Type 1 and Type 2 Sequences
In the older sequence stratigraphic literature (especially in the 1980s and 1990s), there was considerable discussion of type 1 and type 2 sequences, concepts that have largely since been abandoned or ignored. This is unfortunate, because understanding the differences between these also helps understanding the relationship between parasequences and sequences. Type 1 and 2 sequences differ in what happens at the shoreline during a eustatic fall in sea level.
In a type 1 sequence, there is a relative fall in sea level at the shoreline because the eustatic fall in sea level is faster than the rate of subsidence at the shoreline. As a result, rivers typically will incise, and a surface of forced regression will form on a wave-dominated shelf. In short, the shoreline experiences a fall in sea level in a type 1 sequence. All of the discussions so far in this online guide have been about type 1 sequences.
In a type 2 sequence, the rate of eustatic fall is not greater than the rate of subsidence at the shoreline, and as a result, the shoreline continues to experience a relative rise in sea level. Because of this, progradational parasequence stacking continues, although it may be accelerated owing to lower rates of accommodation. Similarly, rivers do not incise at the shore, and a surface of forced regression does not form seaward of the upper shoreface. In short, the shoreline does not experience a fall in sea level in a type 2 sequence.
The architecture of a type 2 sequence differs from a type 1 in several ways. First, it will lack incised valleys. Second because there is no relative fall at the shoreline, no surface of forced regression will develop, and therefore, a type 2 sequence will lack a falling-stage systems tract. Third, no lowstand systems tract will be present, and the equivalent strata are called the shelf-margin systems tract (SMST). Because most workers no longer recognize the concept of a type 2 sequence, it is uncommon to encounter the SMST term in the more recent sequence stratigraphic literature.
An unconformity may develop in a type 2 sequence, but it will be limited to coastal plain strata, which may display truncation and onlap (see the left third of the figure above). The correlative conformity to this surface extends seaward on the cross-section, although it is important to underscore that this surface has no physical expression and cannot be identified in outcrop. Where this correlative conformity meets the coast, the strata below and above are characterized by progradational to aggradational stacking. Identifying this correlative conformity is effectively impossible with outcrop data, although it can be located on seismic.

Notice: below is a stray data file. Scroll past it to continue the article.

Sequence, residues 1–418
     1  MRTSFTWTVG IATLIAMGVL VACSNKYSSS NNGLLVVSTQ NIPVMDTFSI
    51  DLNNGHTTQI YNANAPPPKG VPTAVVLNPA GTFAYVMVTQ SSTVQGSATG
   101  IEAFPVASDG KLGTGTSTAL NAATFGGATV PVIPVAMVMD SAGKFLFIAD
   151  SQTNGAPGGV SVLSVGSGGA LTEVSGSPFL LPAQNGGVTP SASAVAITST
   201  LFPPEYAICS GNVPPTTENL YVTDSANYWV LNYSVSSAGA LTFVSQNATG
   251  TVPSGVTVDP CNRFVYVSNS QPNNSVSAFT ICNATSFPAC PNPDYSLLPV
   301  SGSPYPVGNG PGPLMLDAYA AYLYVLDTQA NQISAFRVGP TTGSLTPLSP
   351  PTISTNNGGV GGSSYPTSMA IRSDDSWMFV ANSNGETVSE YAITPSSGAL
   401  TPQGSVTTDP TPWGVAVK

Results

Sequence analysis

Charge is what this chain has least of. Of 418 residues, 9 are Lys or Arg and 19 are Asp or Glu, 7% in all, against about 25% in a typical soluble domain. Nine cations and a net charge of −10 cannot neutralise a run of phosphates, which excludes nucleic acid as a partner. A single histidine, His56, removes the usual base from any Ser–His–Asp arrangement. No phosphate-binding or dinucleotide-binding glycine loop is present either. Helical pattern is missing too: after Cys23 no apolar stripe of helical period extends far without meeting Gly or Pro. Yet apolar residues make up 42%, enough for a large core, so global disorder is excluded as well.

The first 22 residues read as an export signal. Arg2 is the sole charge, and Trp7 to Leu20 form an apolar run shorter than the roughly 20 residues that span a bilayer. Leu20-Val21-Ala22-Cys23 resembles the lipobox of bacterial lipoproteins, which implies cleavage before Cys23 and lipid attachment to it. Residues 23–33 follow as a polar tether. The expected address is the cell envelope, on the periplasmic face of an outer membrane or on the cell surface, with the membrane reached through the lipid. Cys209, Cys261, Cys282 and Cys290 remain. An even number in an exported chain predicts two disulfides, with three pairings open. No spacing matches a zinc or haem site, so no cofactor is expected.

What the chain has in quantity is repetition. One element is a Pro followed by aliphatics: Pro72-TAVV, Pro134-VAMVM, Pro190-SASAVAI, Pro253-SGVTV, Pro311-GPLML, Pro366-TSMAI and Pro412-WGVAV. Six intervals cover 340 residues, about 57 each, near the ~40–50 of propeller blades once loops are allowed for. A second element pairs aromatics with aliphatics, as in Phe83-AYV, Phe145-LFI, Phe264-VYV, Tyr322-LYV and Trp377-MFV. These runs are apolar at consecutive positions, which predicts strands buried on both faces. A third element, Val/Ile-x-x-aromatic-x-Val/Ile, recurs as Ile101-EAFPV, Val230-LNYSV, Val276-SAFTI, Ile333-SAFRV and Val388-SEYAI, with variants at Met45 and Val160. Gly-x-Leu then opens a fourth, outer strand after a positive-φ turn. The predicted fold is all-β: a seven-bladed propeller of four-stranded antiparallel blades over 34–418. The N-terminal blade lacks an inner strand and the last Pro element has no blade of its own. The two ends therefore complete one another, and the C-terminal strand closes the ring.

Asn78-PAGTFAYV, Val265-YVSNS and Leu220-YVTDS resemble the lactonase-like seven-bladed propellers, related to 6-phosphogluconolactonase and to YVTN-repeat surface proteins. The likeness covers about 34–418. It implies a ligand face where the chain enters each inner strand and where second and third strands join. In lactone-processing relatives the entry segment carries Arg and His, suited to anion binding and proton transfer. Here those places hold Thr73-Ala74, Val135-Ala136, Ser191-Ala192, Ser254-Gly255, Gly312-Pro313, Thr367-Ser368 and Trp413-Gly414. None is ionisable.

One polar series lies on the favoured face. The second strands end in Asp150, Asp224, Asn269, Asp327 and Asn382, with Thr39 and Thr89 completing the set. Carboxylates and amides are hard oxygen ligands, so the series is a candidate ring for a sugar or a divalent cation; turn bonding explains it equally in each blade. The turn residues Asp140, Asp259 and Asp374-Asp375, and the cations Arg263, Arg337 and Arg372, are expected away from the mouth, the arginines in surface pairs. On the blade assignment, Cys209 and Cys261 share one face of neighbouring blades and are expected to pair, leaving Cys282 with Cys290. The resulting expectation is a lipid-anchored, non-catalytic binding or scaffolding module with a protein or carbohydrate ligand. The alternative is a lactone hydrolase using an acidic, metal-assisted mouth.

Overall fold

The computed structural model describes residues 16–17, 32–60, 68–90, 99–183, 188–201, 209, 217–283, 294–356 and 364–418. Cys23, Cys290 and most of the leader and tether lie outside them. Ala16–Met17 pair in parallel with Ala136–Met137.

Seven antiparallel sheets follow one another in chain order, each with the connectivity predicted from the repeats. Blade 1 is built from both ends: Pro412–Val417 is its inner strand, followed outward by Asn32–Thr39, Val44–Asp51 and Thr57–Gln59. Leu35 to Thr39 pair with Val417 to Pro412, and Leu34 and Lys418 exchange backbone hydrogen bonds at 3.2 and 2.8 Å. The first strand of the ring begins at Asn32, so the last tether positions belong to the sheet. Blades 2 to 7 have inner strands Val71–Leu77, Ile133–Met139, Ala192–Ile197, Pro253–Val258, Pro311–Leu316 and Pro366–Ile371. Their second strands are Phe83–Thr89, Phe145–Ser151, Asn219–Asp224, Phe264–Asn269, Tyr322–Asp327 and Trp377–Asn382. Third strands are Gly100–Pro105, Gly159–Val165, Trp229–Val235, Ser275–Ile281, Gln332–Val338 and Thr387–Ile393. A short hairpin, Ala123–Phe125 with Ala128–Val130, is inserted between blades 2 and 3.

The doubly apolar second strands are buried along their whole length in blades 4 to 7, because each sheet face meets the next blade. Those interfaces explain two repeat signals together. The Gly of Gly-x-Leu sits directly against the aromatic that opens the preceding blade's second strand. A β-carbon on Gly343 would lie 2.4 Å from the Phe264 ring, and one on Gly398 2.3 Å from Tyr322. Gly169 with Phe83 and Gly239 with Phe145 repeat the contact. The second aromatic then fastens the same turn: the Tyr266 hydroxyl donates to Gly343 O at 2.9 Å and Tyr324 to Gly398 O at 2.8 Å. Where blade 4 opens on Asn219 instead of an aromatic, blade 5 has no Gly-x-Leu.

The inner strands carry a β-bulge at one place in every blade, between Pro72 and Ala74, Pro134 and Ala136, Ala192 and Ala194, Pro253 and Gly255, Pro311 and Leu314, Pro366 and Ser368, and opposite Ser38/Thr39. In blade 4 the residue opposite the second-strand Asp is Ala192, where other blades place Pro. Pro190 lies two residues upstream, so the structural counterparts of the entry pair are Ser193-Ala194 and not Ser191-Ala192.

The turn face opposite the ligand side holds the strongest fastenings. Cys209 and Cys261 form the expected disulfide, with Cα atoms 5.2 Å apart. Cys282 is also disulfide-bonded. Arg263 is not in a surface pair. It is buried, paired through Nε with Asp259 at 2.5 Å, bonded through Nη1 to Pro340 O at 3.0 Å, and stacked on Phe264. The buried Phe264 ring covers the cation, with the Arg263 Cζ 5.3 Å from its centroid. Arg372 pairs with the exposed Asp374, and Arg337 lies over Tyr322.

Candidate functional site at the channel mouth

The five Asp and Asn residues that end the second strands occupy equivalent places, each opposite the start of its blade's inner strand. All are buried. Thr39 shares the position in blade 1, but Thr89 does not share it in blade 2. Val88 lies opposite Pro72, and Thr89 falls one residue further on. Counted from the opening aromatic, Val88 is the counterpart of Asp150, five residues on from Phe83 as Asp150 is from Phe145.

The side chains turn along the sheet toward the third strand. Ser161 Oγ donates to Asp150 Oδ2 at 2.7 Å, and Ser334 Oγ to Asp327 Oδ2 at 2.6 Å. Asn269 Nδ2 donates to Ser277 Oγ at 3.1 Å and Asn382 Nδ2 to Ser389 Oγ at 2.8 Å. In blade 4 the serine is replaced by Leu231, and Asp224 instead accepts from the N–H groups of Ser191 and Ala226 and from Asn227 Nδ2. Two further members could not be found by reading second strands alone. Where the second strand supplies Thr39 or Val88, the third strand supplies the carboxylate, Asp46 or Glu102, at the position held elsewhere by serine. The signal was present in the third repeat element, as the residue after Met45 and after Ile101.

This inability to identify a subaerial unconformity in a type 2 sequence illustrates the relationship of parasequences to sequences. In the figure of the type 2 sequence above, imagine that the higher-order cyclicity (that producing the parasequences) was absent. Through the HST and SMST, there would be net progradation, followed by a major flooding surface (top of the SMST), an interval of retrogradation (TST), and the next interval of net progradation (the next HST, plus the next SMST, not drawn). This pattern of major flooding surfaces separating intervals that are largely progradational is what parasequences are. Detailed descriptions of parasequences often report a thin deepening-upward interval at their base, equivalent to the TST. In short, parasequences are what we recognize when we cannot identify subaerial unconformities and their correlative surfaces. When we cannot identify those surfaces, we package those strata not on those unconformities, but on the major flooding surfaces that we can identify.